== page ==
Monday, June 12, 2017

Congressional policy-making and the ticking clock

About a month ago, I posted this, pointing out that none of Trump's ongoing scandals (which have only gotten worse) prevent Congress from, ya' know, passin' bills n' shit.  If they actually had the capacity and will to do healthcare reform, tax reform, etc., they'd be doing those things.  The fact that they aren't tells us something.

It is time to start amending that.  There are a couple of aspects of a ticking clock here.  No, not the impeachment clock.  Trump will not be impeached.  I have explained before why it is so unlikely.  Conviction in the Senate requires a 2/3 supermajority, which would require Republican cooperation even after a hypothetical Democratic takeover of Congress in 2018, which is still hypothetical.  Republicans are not going to go along with it.  Period.  No matter what Trump does, and no matter how thoroughly caught he is.

However, 2018 is still a ticking clock.  It isn't just that we are only a year and a half away from the election.  Remember, Congress is frequently not in session, whether for summer recess (yes, they are children) or other scheduled recesses.  When they are in recess, they can't legislate.  (Apparently, they can't legislate when they are in session either, but that's another issue...)  That means they have less time than you think.  The "first 100 days" thing is bullshit, but really, they have already used up a big chunk of what should have been actual working time.  A lot of total time left is recess time.  That matters, just in practical terms.

So, what does 2018 mean?  Well, Democrats will pick up seats, barring something weird.  Weird shit happens.  Now, you have probably heard the following piece of bullshit conventional wisdom:  midterm elections favor the GOP because the midterm electorate is older and whiter.  BULLSHIT.  This was an explanation created by fuckwits with the memories of goldfish specifically to explain the 2010 election.  A Democrat was President.  The off-party nearly always picks up seats.  That meant the GOP picked up seats.  That meant the electorate was older and whiter.  Idiots who couldn't remember 2006, when the Democrats won big in a midterm (the previous midterm, BTW) decided that midterms just intrinsically advantaged Republicans.  Then, it happened again in 2014.  Point proven, right?!  No.  People are just fucking stupid, and couldn't remember what happened with Republican presidents.  Like, say, Reagan, or Bush the elder or younger.  Now, this was thrown off kilter in 2002 by Bush The Younger's post-9/11 approval ratings, which were still very high.  The other midterm election when things got screwed up was 1998, when the Republicans, um, blew it by impeaching Clinton over the Lewinski thing.  So, 1998 was messed up by the stupidity of impeaching Clinton over Lewinski, and 2002 was messed up by the post-9/11 stuff.  But, midterms don't give the GOP an advantage, and anyone who thinks that just doesn't know their electoral history.  They have the memories of goldfish.  Midterms favor the party out of the White House.

If Democrats pick up even a single chamber, that's it.  That's all she wrote.  No more chances at any legislation for the GOP.  Even if Democrats don't get a single chamber, the GOP's margins get slimmer, and it gets harder for them to pass anything, post-2018.  And have you seen how hard it is for them to do anything now?  And finally, the closer that election gets, the more nervous anyone in a close seat gets.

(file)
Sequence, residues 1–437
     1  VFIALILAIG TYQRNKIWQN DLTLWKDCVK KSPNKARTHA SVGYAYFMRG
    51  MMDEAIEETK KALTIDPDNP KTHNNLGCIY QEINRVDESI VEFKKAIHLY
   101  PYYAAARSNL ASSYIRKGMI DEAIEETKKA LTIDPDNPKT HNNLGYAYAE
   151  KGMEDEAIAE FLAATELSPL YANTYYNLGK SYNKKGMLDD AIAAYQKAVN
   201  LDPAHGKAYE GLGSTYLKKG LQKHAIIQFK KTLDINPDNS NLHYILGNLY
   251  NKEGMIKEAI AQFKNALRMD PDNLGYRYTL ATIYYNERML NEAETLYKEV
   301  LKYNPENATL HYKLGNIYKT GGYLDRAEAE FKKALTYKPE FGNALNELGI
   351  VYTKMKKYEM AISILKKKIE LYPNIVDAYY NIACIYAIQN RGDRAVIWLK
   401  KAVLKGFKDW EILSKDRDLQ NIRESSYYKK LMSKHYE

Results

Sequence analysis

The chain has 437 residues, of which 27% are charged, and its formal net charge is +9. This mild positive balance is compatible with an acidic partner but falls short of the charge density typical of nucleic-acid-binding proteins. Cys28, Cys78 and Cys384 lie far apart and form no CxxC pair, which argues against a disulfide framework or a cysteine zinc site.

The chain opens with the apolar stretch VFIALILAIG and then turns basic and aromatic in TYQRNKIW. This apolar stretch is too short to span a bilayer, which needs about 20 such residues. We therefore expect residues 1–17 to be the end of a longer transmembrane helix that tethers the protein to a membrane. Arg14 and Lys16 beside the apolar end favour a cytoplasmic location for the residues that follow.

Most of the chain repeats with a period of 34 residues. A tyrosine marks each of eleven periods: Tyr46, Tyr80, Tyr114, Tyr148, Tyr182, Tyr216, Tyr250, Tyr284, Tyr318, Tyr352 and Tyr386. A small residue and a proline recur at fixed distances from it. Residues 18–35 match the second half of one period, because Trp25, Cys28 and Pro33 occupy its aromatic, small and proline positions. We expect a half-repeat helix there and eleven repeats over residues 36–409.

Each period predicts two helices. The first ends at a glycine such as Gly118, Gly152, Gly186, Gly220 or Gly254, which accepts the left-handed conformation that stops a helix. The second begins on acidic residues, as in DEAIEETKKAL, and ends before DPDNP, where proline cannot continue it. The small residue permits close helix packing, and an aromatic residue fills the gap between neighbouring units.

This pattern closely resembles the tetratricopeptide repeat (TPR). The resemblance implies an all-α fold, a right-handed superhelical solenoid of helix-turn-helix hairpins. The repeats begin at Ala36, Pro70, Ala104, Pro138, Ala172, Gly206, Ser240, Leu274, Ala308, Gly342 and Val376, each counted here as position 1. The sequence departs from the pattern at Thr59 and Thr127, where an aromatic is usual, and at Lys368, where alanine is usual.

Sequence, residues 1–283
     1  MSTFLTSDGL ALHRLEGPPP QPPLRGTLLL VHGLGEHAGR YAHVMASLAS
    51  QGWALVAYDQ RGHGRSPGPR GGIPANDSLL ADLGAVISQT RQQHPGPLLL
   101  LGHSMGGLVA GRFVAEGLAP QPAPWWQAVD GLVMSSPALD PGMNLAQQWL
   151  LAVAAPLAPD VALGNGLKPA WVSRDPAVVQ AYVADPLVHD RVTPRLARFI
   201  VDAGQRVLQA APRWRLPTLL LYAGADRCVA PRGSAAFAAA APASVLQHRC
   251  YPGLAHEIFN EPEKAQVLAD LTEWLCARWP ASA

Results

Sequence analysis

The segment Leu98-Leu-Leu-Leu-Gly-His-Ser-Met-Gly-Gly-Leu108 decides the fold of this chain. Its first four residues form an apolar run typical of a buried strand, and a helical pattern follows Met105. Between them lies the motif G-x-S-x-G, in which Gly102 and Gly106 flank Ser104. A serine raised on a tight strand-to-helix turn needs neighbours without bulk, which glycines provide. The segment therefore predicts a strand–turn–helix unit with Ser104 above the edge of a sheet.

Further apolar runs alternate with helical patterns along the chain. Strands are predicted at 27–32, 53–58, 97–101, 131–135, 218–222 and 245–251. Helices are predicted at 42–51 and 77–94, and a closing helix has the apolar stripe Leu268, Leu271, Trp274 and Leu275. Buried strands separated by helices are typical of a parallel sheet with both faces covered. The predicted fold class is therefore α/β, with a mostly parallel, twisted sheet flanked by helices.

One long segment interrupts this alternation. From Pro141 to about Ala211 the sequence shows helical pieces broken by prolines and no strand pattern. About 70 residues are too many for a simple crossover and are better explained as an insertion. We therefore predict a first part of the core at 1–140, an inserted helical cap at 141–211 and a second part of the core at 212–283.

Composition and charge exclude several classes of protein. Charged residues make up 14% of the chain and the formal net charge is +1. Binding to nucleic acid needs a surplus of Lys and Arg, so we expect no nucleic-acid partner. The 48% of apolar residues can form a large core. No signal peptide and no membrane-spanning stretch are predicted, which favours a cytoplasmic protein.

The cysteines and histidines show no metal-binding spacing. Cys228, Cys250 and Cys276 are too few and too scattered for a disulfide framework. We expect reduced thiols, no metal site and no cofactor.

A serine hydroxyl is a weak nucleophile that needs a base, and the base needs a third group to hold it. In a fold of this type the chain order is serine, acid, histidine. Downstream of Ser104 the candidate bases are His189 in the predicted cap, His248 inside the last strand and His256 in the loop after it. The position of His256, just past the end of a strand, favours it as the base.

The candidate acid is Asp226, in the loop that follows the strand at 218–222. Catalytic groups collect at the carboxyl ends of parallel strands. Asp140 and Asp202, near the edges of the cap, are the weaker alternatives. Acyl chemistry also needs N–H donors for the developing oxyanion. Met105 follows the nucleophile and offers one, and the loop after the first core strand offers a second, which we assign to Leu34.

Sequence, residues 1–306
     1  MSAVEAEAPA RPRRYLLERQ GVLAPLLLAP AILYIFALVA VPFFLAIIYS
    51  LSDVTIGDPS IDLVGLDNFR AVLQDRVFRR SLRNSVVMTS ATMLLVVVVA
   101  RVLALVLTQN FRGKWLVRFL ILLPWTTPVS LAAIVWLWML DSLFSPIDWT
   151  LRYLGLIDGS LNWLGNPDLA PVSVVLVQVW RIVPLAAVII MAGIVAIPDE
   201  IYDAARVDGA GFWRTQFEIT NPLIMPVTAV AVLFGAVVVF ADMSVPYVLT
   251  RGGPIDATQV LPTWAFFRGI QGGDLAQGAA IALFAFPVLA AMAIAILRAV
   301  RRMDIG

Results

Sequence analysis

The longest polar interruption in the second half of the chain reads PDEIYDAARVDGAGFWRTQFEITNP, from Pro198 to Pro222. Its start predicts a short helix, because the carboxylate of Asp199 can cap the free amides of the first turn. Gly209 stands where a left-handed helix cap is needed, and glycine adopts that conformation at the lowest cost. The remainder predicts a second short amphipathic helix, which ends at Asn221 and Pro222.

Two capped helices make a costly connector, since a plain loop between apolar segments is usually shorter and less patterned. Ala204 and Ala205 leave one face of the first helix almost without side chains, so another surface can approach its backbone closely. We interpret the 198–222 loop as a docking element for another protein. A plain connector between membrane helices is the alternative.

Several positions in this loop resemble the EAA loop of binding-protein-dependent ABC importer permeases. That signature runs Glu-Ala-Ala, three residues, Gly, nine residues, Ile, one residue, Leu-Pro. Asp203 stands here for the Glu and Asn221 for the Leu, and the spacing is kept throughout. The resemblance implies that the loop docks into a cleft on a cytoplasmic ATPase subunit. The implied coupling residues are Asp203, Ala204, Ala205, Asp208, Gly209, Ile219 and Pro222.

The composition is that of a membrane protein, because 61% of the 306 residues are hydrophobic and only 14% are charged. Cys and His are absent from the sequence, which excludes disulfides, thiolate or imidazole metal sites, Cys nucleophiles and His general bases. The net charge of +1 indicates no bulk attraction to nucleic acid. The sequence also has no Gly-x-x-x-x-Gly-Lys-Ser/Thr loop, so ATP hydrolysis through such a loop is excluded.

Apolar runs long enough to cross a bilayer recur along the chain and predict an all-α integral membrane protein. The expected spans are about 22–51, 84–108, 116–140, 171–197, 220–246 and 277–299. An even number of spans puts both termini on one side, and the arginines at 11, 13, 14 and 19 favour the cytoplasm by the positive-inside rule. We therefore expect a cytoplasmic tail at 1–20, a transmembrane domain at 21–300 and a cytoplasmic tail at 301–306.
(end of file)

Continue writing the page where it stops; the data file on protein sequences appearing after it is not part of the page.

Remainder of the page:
And here's where you start thinking, but wait, there aren't any close seats!  GERRYMANDERING!!!  (You are also mispronouncing it.  It is a hard-g, not a soft-g).  Aaaaaaand this is just where I get annoyed.  What does it mean for a congressional district to be "close?"  Here's how I define it in my research:  A mensch of a scholar named Gary Jacobson breaks down how the presidential candidates do within each congressional district, and hands out the data to anyone who asks.  I ask.  I define a "close" district as one in which the presidential candidates are within 10 points of each other in the two-party vote.  So, for example a 54-46 district is one that I consider "close."  It allows me to track, over time, the proportion of close districts with simple statistics.  I can do more elaborate stuff with more elaborate approaches, but this way, I can give you a basic breakdown.  Over the post-WWII period, the proportion of districts that I can classify as close fluctuates randomly around 25%.  There has been no decline over time in the proportion of districts that are close.  Every story you have read or heard about how gerrymandering is getting rid of competitive districts?  Total fucking bullshit.  If anyone wants the formal academic cites, I'm not the only one doing this research.  The journalists are just ignoring the scholarship here.

And the Republicans in these close districts?  The closer we get to 2018?  The more nervous they get.  That clock is ticking, and even before the calendar strikes November, Republicans' chances slip away.

So, I said a month ago that Trump's scandals don't necessarily prevent policy-making.  However, to the degree that they make Republicans skittish about policy-making-- and they most certainly do-- they get the party to waste precious time.  And they have already wasted their most useful chunk of time, meaning the chunk of time most-distant from the 2018 midterm election.  It only gets harder from here.  Not Trump-- hardness really isn't his thing.  I mean difficulty.


  1. Nope.

    People are NOT mispronouncing it.

    The word has taken on a life of its own. Language evolves.

    Deal with what the data IS telling you.

    1. Hey! Who let the troll in here?! Oh, right. Me.